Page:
Showing posts with label Measures. Show all posts
Showing posts with label Measures. Show all posts

## Friday, 12 May 2017

### #3 - Measuring Data Similarity or Dissimilarity

Continue from -
'Measuring Data Similarity or Dissimilarity #1'
'Measuring Data Similarity or Dissimilarity #2',

### 3. For Ordinal Attributes:

Ordinal attribute is an attribute with possible values that have a meaningful order or ranking among them but the magnitude between successive values is not known. Ordinal values are same as Categorical Values but with the Order.

Such as, For "Performance" columns Values are - Best, Better, Good, Average, Below Average, Bad

These values are Categorical values with order or rank so called Ordinal Values. Ordinal attributes can also be derived from discretization of numeric attributes by splitting the value range into finite number of ordered categories.

We assign rank to these categories to calculate the similarity or dissimilarity, i.e. - There is an attribute f having N possible state can have 1, 2, 3........f_N ranking.

#### How to Calculate Similarity or Dissimilarity:

1, Assign the Rank R_ifto each category of attribute f having N possible states.
2. Normalize the Rank between [0.0, 1.0] so that each attribute have equal weight.
Can be calculated as

R_in = \frac{R_if - 1}{N - 1}

3. Now Similarity or Dissimilarity can be calculated with any distance measuring techniques. ( 'Measuring Data Similarity or Dissimilarity #2)

## Tuesday, 9 May 2017

### Measuring Data Similarity or Dissimilarity #2

Continuing from our last discussion 'Measuring Data Similarity or Dissimilarity #1',  In this post we are going to see how to calculate the similarity or dissimilarity between Numeric Data Types.

### 2. For Numeric Attribute:

For measuring the dissimilarity between two numeric data points, the easiest or most used way to calculate the 'Euclidean distance', Higher the value of distance, higher the dissimilarity.
There are two more distance measuring methods named 'Manhattan distance' and 'Minkowski distance'. We are going to look into these one by one.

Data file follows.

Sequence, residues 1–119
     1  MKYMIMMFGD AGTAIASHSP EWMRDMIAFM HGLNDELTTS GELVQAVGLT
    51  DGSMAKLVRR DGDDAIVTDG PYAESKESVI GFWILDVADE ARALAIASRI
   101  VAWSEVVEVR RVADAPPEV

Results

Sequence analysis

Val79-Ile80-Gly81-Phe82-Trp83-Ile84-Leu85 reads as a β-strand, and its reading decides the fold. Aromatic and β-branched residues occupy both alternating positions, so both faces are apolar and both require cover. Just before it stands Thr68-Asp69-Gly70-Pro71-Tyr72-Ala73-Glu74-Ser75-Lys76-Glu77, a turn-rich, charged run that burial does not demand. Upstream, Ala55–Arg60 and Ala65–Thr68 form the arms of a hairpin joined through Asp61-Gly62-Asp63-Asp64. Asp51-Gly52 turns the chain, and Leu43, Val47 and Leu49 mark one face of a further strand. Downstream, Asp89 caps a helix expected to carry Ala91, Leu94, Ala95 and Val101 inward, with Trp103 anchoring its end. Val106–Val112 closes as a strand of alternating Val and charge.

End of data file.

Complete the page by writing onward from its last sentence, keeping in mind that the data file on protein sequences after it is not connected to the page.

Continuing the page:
#### a. Euclidean distance:

Euclidean distance is widely used to calculate the dissimilarity between numeric data points, this is actually derived from 'Pythagoras Theorem' so also known as 'Pythagorean metric' or L^2 norm.

Euclidean distance between two points p(x_1, y_1) and q(x_2, y_2) is the length which connects point p from point q.

dis(p,q) = dis(q,p) = \sqrt((x_2 - x_1)^2 + (y_2 - y_1)^2) = \sqrt(\sum_(i=1)^N(q_i - p_i)^2)

In One Dimention:

dis(p,q) = dis(q,p) = \sqrt((q - p)^2) = q - p

In Two Dimentions:

dis(p,q) = dis(q,p) = \sqrt((q_1 - p_1)^2 + (q_2 - p_2)^2)

In Three Dimentions:

dis(p,q) = dis(q,p) = \sqrt((q_1 - p_1)^2 + (q_2 - p_2)^2 + (q_3 - p_3)^2)

In N Dimentions:

dis(p,q) = dis(q,p) = \sqrt((q_1 - p_1)^2 + (q_2 - p_2)^2 + (q_3 - p_3)^2 +.......................+ (q_N - p_N)^2)

#### b. Manhattan distance:

It is also known as "City Block" distance as it is calculated same as we calculate the distance between any two block of city. It is simple difference between the data points.

dis(p, q) = |(x_2 - x_1)| + |(y_2 - y_1)| = \sum_(i=1)^N|(q_i - p_i)|

Manhattan distance is also know as L^1 norm.

#### c. Minkowski distance:

This is the generalized form of Euclidean or Manhattan distance and represented as -

dis(p,q) = dis(q,p) = [(x_2 - x_1)^n + (y_2 - y_1)^n]^{1/n} = [\sum_(i=1)^N(q_i - p_i)^n]^{1/n}

where n = 1, 2, 3.......

## Thursday, 23 March 2017

### Measures of Data Spread in Stats

What do we mean by SPREAD? - The measures which can tell us the variability of a dataset, width, average distribution falls into this category.

Let's see which measures we are taking about-

Input: 45, 67, 23, 12, 9, 43, 12, 17, 91
Sorted: 9, 12, 12, 17, 23, 43, 45, 67, 91

Range:
It is the simplest measures of Spread. It is the difference between max and min value of a dataset but this will not give you the idea about the data distribution. It may be given a wrong interpretation if our dataset is having outliers.

Range - Max - Min = 91 - 9 = 82

Interquartile Range (IQR):
IQR is the middle 50 percentile data which is difference between 75 percentile and 25 percentile. It is used in boxplot plotting.

IQR = Q3 - Q1 = 56 - 12 = 44

Variance:
Variance shows the distance of each element from its mean, If you simply sum this it will be zero and that is why we use squared distance to calculate it.

Standard Deviation (\sigma or s):
This measure is square root of Variance, the only difference between Variance and Standard deviation is the output unit as Variance.

Variance = \sigma^2 or s^2 = \frac{\Sigma_{i=1}^N(x_i-\barx)^2}{N}

Standard Deviation = \sigma or s = \root{2}{\sigma^2} = \root{2}{\frac{\Sigma_{i=1}^N(x_i-\barx)^2}{N}}